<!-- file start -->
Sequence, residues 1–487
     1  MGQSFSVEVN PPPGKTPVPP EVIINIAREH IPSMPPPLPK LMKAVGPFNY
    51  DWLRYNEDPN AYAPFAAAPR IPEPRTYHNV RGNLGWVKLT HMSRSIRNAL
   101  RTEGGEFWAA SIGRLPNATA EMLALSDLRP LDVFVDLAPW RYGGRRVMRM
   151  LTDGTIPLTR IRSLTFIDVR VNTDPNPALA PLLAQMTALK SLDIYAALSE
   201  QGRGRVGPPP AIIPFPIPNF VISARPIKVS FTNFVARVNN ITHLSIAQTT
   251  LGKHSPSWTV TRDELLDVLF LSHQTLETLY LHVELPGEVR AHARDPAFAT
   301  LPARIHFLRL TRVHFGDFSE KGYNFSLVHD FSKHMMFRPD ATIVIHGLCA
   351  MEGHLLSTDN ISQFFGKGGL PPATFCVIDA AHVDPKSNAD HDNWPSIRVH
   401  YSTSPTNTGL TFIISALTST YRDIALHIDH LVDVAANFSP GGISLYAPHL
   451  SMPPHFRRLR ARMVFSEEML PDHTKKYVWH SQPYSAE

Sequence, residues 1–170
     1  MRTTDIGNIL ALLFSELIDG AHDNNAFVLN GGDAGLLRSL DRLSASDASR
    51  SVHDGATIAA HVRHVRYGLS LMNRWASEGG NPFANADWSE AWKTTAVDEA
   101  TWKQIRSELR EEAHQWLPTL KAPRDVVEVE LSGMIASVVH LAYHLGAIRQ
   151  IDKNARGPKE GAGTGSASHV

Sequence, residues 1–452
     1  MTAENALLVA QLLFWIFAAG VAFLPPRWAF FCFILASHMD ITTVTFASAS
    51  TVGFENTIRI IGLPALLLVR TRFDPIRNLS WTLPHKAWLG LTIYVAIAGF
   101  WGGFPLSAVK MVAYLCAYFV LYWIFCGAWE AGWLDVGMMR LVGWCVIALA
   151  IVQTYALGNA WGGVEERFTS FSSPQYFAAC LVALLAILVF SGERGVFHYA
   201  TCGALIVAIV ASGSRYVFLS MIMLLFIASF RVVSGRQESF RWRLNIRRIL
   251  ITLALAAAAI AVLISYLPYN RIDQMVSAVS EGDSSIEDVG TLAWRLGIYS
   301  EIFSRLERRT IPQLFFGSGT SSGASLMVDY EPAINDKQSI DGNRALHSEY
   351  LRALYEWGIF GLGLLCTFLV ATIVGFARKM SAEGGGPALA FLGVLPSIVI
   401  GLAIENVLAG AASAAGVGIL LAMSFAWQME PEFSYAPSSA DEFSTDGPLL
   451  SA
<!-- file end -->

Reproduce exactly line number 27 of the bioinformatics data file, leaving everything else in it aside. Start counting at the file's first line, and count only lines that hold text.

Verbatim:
   451  SA